The Streets of Shadow

By Leslie McFarlane

Reviewed by Jeff Salter

Though Leslie McFarlane published uncountable adult [meaning “NOT juvenile”] stories in magazines and papers – including several novel-length pieces that were serialized – this is the only adult title I could find that was later released as a complete monograph. Originally appearing by installments in Munsey’s Magazine during 1929, this was later published in early 1930 by Dutton. It was certainly the most successful of McFarlane’s adult novels, going through three printings.

My copy was republished in 2018 by Fiction House Press and features the original artwork which accompanied the magazine installments in 1929. I wish more of McFarlane’s adult novels survived in monographic form.

For those of you who do NOT know, McFarlane was the first – and most critics agree – the best of the ghost writers [collectively, Franklin W. Dixon] for the venerable Hardy Boys series. Working from outlines supplied by the Stratemeyer Syndicate, McFarlane wrote 20 of the first 26 HB titles — thereby bringing to life the characters, settings, and tone of most of the titles that followed in that franchise’s lengthy publishing history. [NOTE: all of the first 36 HB titles – including McFarlane’s 20 – were drastically revised and shortened beginning in 1959. So if you’ve only read a “newer” version of these old titles, you haven’t truly experienced the full flavor of McFarlane’s writing artistry.

And the “full flavor” is what we see in The Streets of Shadow — McFarlane’s novel for adults. What sets apart this adult fiction title is that McFarlane worked from his OWN plot outline, with his OWN characters and settings.

It’s a marvelous detective tale, set in Montreal [Canada] some hundred years ago. The characters – whether civilized or sinister – are fully drawn and the settings are vividly depicted. After the plot shifts into high gear, the suspense becomes intense.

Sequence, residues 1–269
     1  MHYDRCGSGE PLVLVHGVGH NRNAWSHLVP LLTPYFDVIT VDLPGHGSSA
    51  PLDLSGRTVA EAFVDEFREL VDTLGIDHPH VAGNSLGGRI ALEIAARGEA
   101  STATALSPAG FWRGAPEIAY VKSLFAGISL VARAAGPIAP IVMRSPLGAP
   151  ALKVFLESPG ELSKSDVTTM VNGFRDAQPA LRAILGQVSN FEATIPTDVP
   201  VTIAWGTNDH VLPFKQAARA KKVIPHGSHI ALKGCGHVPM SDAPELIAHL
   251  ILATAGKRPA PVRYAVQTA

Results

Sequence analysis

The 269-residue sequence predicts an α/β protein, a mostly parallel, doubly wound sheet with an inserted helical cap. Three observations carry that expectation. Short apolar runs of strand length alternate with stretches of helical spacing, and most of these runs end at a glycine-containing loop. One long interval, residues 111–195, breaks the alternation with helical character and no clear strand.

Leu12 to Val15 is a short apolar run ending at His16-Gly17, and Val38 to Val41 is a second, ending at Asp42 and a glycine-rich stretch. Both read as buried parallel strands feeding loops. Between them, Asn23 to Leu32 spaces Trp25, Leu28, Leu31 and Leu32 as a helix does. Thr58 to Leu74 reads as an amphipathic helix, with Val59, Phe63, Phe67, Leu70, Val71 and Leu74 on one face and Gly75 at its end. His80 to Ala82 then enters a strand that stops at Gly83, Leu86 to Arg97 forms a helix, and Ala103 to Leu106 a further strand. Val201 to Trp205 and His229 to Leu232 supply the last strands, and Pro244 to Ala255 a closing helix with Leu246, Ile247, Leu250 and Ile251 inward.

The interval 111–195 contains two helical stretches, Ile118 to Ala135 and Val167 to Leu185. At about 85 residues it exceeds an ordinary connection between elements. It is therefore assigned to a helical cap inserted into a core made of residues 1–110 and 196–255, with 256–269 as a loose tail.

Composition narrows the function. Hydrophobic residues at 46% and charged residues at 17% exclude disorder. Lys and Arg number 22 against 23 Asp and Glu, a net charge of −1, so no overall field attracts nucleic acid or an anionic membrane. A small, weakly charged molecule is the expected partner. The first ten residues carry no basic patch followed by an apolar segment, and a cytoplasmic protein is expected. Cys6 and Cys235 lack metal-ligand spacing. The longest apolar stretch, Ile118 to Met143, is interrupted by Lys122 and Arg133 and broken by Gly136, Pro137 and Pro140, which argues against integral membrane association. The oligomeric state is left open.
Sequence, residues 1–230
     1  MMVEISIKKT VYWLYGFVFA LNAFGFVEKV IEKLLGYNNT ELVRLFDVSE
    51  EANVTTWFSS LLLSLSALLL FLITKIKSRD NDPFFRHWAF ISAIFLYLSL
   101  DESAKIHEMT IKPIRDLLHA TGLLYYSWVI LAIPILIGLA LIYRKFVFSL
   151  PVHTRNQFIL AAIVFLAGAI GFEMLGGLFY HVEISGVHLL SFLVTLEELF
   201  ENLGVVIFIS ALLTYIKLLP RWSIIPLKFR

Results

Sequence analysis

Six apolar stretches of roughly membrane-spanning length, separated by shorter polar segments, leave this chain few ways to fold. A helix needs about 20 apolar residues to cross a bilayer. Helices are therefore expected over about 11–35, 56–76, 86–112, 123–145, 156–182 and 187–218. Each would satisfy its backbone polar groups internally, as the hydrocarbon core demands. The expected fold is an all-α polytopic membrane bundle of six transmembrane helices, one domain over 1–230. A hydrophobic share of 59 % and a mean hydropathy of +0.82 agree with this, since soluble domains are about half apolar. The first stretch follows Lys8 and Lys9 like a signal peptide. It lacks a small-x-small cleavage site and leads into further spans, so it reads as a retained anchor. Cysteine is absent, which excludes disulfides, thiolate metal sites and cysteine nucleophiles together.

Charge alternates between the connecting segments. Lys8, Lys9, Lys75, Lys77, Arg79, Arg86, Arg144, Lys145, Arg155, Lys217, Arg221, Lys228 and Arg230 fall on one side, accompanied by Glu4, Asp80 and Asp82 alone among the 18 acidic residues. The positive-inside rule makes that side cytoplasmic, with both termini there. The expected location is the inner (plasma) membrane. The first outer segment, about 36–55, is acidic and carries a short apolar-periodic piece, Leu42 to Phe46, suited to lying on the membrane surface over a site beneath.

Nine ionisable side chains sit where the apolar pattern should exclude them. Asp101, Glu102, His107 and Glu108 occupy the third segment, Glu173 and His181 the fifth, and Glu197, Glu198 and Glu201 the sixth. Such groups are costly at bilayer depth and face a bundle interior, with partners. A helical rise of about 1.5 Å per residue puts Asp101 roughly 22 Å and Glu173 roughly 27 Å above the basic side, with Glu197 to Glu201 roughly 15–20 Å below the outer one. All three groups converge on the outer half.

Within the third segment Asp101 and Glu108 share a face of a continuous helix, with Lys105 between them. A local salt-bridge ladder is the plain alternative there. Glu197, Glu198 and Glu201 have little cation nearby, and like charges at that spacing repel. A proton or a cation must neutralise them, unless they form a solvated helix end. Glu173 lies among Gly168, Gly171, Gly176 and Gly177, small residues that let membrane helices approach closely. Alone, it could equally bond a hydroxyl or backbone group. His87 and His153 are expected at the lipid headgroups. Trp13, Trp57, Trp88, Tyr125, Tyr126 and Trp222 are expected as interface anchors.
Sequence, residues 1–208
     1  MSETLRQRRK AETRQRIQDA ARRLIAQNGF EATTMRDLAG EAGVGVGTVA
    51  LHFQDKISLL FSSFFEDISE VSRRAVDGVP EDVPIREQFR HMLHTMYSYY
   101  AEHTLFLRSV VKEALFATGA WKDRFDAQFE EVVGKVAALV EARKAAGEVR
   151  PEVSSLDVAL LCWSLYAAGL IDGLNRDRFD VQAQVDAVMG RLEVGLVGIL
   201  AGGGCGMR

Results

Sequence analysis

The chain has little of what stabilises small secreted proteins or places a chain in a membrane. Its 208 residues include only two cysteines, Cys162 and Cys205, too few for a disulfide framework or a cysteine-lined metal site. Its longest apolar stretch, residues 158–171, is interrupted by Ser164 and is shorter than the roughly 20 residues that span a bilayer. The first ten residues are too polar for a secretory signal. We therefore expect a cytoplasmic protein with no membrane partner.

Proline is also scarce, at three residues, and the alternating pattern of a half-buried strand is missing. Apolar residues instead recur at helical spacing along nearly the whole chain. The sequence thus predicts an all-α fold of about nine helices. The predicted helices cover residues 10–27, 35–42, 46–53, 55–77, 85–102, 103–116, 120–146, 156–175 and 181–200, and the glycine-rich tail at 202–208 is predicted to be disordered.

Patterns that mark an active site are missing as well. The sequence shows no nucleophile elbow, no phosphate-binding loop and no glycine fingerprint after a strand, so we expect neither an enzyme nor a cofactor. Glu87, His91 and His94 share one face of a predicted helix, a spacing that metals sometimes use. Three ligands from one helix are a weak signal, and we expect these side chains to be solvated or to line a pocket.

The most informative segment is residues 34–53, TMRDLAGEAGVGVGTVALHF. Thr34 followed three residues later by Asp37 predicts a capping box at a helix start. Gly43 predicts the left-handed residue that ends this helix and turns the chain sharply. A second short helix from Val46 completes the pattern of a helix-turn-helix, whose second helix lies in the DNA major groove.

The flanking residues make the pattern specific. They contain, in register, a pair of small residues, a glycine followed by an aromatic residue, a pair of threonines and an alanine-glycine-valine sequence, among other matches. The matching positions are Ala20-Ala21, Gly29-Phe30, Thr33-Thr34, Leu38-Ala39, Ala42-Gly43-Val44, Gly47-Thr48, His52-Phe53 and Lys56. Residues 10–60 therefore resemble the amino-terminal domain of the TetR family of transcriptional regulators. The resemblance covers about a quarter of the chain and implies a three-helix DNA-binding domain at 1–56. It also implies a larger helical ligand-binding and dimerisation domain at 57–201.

Central to this story are two murders, for which an ex-con [Hinkey Lewis] is framed. Attorney Michael Brent agrees to defend him, but Lewis was caught at the scene of one crime after interacting with the victim and a cop a few minutes prior to that murder. Case closed. And he’s linked to the other murder elsewhere.

What can Attorney Brent do with such a hopeless defense? Well, he has to find the real killer or killers, of course. For that, he must prowl around the seedy criminal underbelly of Montreal society with danger on every dark, shadowy corner. During this investigation, Brent happens upon a beautiful maiden [Norah], just arrived from England after her mother’s death. It’s too complicated to explain here, but Norah traveled here believing her step-father [Midge Tapley] was in good stead. Imagine her horror to discover Midge not only lives in a trashy flop house, but he’s a flunky for a small time crime boss [Raoul Laboeuf].

Once Brent encounters Norah, he can’t get her out of his mind… and as things develop, he suspects she’s in dangerous proximity to Laboeuf and his nefarious activity… possibly including those two recent murders.

Should Brent descend into this seamy Montreal ghetto alone and unarmed? No!

Does he go anyway? Yes.

All in service to his innocent client [Hinkey] and in search of the lovely maiden [Norah].

To relate much more would spoil a dandy detective tale that rivals the travails of Sam Spade, the Saint, the Falcon, Mike Hammer, and other Private Eyes of that literary generation. Suffice it to say that Brent gets himself into inescapable danger. How he copes and if he survives leaves the reader guessing… and I’m usually pretty good at figuring out the whodunnit and howdunnit.

I especially liked two of the supporting characters: Minton (Brent’s dutiful and insightful clerk, advisor, and confidant) and Dryborough (owner of a second-hand book shop and Brent’s regular drinking buddy). It’s through interactions with these two that we learn a lot about Brent and his new murder case… details that would otherwise likely unfold in dreary exposition.

Two caveats:

1. There’s a lot of slang – 1920s Montreal criminal culture – that takes some getting use to. For example: a watch that’s stolen and hocked is called a “turnip.”

2. In the beginning several chapters I found Attorney Brent to be rather UN-likeable. He was far too cocky and lazy … and he knowingly took advantage of his long-suffering clerk, Minton. But by the middle of the book, I was rooting for him anyhow.

Highly recommended if you enjoy good hard-boiled detective adventures. Additionally recommended — just so you can experience the writing craft of McFarlane when he’s working with his own characters, settings, and plots… and aiming for an adult audience. It’s terrific.

[jLS # 602]

About Jeff Salter